• Elegant build and unique colors
  • Extremely portable
  • 360-degree form factor
  • Bright display with thin bezels
  • Top-notch Ultrabook performance
  • Active stylus support
  • Windows Hello IR Face Unlock
  • Excellent trackpad
  • Decent battery life

Cons

  • Glossy display
  • Awkward and slow fingerprint scanner
  • Slightly cramped keyboard

Oddly enough, you will not find any competing Windows convertible in this price range, so the HP Spectre x360 13 (2018) is truly in a league of its own.

Having said that if you are looking for more power and higher performance for your work or for gaming, then this is not the laptop for you and at this price you have options such as the Dell XPS 15 (larger display, 6-core CPU and with discrete graphics, but no 2-in-1 form factor) which is retailing for around Rs 1,35,000, but that’s not as sleek or portable as the HP machine, and does have some issues around heating.

9. Dell XPS 15
Dell XPS 15

You could go for powerful gaming PCs as well, but the trade-off is a premium experience versus a gaming laptop experience, which is not always as refined.

HP Spectre X360 13: Doesn’t Get More Premium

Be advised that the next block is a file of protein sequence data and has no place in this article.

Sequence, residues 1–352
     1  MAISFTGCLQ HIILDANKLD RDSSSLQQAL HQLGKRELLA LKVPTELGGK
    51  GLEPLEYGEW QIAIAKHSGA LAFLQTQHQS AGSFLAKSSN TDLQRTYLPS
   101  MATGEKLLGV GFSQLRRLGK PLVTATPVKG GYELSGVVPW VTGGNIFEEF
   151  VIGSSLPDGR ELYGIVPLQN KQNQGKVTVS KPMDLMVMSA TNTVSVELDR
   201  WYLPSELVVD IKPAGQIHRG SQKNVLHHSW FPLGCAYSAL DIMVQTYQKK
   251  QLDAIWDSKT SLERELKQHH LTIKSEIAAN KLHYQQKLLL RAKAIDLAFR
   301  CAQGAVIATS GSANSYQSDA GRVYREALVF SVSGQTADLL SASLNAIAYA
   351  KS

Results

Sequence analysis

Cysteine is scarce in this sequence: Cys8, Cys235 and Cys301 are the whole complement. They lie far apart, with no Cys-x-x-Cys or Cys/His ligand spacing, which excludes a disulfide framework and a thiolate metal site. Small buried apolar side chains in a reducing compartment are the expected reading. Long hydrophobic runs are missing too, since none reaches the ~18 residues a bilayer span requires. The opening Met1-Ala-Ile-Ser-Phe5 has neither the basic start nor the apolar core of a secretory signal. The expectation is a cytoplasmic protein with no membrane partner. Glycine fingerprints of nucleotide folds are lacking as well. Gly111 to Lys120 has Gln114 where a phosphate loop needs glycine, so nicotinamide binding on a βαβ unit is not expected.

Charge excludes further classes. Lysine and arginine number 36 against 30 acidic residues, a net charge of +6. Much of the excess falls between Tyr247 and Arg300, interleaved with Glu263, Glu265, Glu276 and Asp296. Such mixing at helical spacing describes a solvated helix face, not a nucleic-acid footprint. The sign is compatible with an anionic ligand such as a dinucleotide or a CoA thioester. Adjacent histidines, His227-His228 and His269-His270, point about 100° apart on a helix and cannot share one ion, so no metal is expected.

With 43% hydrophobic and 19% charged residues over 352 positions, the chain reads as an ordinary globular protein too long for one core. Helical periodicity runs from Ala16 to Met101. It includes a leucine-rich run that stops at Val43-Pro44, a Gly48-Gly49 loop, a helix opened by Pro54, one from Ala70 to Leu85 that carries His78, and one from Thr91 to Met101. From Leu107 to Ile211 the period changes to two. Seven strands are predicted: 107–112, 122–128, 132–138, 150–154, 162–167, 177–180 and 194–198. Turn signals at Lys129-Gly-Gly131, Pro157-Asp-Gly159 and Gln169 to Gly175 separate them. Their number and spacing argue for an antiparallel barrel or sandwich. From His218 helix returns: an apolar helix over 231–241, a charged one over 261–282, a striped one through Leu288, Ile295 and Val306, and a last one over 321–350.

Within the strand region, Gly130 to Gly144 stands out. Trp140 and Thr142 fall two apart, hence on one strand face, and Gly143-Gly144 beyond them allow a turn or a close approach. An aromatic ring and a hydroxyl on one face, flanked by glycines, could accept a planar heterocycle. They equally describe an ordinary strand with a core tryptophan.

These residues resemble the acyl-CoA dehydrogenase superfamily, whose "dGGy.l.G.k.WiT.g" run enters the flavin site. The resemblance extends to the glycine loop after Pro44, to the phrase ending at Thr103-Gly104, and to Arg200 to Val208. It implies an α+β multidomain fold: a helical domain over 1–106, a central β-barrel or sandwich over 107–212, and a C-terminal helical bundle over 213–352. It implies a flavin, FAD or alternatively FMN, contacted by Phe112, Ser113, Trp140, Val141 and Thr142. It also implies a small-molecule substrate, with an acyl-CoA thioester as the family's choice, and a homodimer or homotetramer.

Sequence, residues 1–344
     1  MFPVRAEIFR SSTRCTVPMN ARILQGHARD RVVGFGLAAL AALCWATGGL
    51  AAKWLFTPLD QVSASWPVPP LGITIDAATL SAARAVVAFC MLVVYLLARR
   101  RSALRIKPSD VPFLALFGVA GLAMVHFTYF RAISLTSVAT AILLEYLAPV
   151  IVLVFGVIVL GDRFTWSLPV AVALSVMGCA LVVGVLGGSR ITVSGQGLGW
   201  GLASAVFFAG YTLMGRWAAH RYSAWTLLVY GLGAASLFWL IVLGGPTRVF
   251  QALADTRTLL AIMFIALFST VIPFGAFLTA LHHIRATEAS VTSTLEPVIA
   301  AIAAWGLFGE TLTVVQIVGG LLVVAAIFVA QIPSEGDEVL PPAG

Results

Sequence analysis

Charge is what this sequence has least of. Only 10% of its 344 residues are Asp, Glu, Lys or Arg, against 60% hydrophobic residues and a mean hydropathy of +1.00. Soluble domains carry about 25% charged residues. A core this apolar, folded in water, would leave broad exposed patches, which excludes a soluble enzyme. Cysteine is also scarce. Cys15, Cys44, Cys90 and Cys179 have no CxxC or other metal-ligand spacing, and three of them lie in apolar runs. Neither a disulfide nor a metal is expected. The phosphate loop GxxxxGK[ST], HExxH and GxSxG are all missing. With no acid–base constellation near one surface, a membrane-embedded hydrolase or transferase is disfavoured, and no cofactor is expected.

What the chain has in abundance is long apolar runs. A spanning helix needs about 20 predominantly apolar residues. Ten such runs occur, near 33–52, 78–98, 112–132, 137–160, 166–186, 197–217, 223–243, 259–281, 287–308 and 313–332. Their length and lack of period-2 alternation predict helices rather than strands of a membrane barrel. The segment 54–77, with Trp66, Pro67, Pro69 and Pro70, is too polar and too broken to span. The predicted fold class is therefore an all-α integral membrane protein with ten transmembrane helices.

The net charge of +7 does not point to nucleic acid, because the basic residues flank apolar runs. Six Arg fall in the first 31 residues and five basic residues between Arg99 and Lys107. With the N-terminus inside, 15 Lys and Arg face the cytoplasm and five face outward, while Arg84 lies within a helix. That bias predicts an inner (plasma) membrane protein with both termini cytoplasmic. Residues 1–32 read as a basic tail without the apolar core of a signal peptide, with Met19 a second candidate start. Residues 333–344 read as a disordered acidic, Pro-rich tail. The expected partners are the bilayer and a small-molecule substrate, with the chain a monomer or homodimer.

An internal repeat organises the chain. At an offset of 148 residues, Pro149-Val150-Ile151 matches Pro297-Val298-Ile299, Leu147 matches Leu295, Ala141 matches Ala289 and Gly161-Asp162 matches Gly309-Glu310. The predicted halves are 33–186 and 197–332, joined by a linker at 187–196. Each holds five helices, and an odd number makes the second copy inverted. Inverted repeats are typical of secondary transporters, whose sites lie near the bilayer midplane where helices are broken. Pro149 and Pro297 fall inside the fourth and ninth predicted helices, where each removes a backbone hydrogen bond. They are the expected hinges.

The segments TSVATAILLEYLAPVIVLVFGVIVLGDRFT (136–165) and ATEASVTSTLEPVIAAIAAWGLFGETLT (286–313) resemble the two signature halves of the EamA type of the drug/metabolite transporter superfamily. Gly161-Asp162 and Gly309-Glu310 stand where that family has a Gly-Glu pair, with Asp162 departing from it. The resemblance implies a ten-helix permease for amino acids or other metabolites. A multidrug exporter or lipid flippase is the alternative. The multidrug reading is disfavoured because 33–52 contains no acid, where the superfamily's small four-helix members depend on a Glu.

As you can see I have had to nitpick to find flaws in the HP Spectre x360 13 (2018). It is simply one of the best premium Windows convertibles in the market and one which can be used in a variety of modes. It has everything a user would ask for from a premium Windows PC and bonus features such as the active stylus support from the HP Pen, the Sure View privacy feature for the display, speedy performance, and a stunning body and design that truly sets it apart.

With a price tag of ₹1,70,291 – (Buy for Rs 1,62,990 on Amazon) – the machine we reviewed might be overkill for you, but you can get a slightly lower-end configuration for Rs 1,24,890 which has a Core i5 CPU and less RAM and storage.

In my opinion, the HP Spectre X360 13 (2018) makes great sense if you are not held back by how much you can spend, and are looking to buy a premium Windows PC. I would say it’s unrivaled in that regard.